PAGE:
- Obsess is an online virtual shopping platform that lets users shop in a discovery-oriented context.
- Its founder, ex-Googler Neha Singh, hopes to create the e-commerce platform of the future, where users will some day shop as online avatars in lush, 3D environments.
“You can’t sell fashion and art the same way you sell toothpaste,” says Neha Singh. “But on the internet, that’s exactly what we do: Toothpaste is sold the same way asbeautiful clothes.”
Singh is the founder of Obsess, a new online shopping platform that seeks to reinvigorate what she describes as the “boring and tedious” business of online shopping.Singh hopes to usher in a new era of online retail, where currently, items are almost always presented as two-dimensional thumbnails on a uniform scroll-through grid.
“In real life, shopping is a form of entertainment,” says Singh. “It’s driven by discovery and inspiration and fun. That’s not happening online.”
Singh, a self-described fashion fanatic with experience working at both Google and Vogue, has developed an online platform that presents items in “virtual stores” where users can browse retail goods in discovery-oriented environments that mimic real life.
When you take your first virtual step inside Obsess’s online outpost of Carmen Sol, an Italian luxury retailer, you’re greeted with an eye-popping display of handbags inside a sun-drenched, airy shop. Peppy, Spanish music plays in the background.
Inside the virtual space, you can “walk” around to get a closer look at the shoe-filled shelves in the back. If an item interests you, you can “pick it up” by clicking over it, which brings you to more details on the item and an online shopping cart. A poster on the wall of a bikini-clad model reveals that the items she’s wearing are available for purchase as well.
While Carmen Sol’s online store is animated, other Obsess offerings draw from 3D imaging of real spaces. For instance, Obsess’s virtual store for boutique fashion retailer Farfetch brings you to the company’s Brown East, London shop. Upon entry, you can browse items during a virtual walkthrough.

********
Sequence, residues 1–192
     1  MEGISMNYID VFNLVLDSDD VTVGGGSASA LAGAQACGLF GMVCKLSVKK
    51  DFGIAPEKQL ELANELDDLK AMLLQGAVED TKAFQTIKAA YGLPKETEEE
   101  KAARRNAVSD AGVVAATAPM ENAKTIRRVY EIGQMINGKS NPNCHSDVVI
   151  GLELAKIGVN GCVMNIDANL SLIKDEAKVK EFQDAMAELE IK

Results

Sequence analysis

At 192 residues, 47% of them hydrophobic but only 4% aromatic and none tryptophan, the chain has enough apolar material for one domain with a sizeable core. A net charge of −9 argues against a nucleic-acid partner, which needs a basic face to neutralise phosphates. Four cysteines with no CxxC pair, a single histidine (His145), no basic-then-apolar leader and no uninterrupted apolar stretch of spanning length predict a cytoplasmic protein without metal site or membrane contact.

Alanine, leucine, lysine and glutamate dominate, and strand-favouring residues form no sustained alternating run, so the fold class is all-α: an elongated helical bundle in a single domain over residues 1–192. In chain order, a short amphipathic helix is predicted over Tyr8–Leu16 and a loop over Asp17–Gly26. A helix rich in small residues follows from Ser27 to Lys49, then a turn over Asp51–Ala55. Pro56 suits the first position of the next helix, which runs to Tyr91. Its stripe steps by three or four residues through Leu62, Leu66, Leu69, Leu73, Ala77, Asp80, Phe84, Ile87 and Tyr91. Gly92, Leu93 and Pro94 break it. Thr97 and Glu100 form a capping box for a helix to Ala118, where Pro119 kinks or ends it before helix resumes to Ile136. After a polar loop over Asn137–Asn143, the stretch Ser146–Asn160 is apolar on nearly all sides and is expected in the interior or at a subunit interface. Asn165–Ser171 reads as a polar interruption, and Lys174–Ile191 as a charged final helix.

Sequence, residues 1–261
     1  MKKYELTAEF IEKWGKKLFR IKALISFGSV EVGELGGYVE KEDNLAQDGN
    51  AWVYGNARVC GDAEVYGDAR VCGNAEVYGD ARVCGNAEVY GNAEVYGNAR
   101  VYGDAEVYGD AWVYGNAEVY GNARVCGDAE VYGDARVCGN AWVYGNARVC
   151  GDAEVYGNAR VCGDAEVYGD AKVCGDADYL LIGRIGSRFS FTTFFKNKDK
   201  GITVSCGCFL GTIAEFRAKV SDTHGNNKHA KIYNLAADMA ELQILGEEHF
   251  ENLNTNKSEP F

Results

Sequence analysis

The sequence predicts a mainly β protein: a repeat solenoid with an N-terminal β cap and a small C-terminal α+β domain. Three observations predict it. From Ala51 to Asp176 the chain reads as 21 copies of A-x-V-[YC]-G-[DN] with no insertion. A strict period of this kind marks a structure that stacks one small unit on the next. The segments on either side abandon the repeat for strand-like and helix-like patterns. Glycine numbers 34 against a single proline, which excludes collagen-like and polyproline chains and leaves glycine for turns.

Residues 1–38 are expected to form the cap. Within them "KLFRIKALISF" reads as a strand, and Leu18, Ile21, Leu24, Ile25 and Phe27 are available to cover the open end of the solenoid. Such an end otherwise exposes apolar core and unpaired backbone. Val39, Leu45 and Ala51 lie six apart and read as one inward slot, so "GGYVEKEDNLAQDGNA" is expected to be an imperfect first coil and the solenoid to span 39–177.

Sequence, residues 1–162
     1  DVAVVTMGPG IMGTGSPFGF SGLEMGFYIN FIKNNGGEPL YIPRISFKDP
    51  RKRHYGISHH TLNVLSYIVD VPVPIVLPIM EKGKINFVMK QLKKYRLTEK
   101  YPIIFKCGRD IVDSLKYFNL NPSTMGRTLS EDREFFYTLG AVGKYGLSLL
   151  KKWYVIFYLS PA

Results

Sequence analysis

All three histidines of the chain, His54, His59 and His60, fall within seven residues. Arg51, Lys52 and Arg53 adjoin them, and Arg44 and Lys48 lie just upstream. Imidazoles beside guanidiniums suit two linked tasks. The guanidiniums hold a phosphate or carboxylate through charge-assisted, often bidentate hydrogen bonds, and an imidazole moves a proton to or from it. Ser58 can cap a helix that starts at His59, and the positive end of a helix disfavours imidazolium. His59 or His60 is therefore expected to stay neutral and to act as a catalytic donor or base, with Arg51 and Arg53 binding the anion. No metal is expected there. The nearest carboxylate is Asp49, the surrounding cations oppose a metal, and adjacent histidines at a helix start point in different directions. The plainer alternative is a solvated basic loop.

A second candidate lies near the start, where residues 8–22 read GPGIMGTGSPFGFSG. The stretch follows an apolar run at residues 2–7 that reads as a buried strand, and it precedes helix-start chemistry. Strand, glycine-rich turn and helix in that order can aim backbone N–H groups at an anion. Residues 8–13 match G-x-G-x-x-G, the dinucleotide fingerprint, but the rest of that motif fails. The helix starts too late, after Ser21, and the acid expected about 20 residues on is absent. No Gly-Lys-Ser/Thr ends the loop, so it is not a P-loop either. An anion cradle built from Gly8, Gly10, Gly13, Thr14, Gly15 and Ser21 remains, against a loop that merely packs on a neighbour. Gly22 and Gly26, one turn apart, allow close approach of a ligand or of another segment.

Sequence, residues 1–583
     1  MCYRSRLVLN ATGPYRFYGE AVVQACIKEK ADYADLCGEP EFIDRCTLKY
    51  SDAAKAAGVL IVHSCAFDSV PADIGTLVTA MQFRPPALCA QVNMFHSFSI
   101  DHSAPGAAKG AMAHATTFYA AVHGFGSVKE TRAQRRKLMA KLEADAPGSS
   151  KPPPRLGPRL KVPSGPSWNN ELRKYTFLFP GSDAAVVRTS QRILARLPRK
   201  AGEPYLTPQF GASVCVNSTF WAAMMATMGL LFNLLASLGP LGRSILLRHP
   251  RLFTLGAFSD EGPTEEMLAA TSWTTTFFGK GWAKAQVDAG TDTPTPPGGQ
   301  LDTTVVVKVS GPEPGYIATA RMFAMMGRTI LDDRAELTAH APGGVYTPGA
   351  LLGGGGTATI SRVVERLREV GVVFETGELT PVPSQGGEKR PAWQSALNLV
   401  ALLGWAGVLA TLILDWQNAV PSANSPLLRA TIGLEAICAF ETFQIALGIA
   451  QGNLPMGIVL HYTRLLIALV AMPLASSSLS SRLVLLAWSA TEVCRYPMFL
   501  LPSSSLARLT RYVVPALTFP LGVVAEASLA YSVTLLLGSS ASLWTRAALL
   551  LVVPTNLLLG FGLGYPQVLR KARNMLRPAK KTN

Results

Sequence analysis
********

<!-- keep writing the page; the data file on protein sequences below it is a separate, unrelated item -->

Singh says Obsess lets online shoppers browse products they might not otherwise have discovered, which gives an opportunity for companies to steep their customers in a unique and personalised branding experience.
The store presentations are only the beginning, says Singh. With a computer-generated store, the possibilities of Obsess’s online platforms are limitless, she says.
In the future, Singh hopes to create virtual in-store shopping assistants, avatars that are true to a customer’s size and shape who can virtually try on clothing, and a myriad of different shopping contexts: Anything from beachside resorts to rock concerts.
“Our goal is to recreate the e-commerce interface for categories that aren’t search-based,” says Singh. “The whole point is to increase engagement in order to increase customer conversion.”
As more retailers move to e-commerce, Singh hopes to provide a platform where they can fully express their brand identity. Obsess, which recently graduated from New York’s incubator program Techstars, is currently raising funds to build what Singh describes as the e-commerce platform of the future.
“For us, the market potential is huge,” says Singh. “Home and retail fashion alone is a $US2.4 trillion industry, and more and more sales are moving online every day. We want to capture those online sales. We want to be the next e-commerce category for the huge companies moving into this space.”
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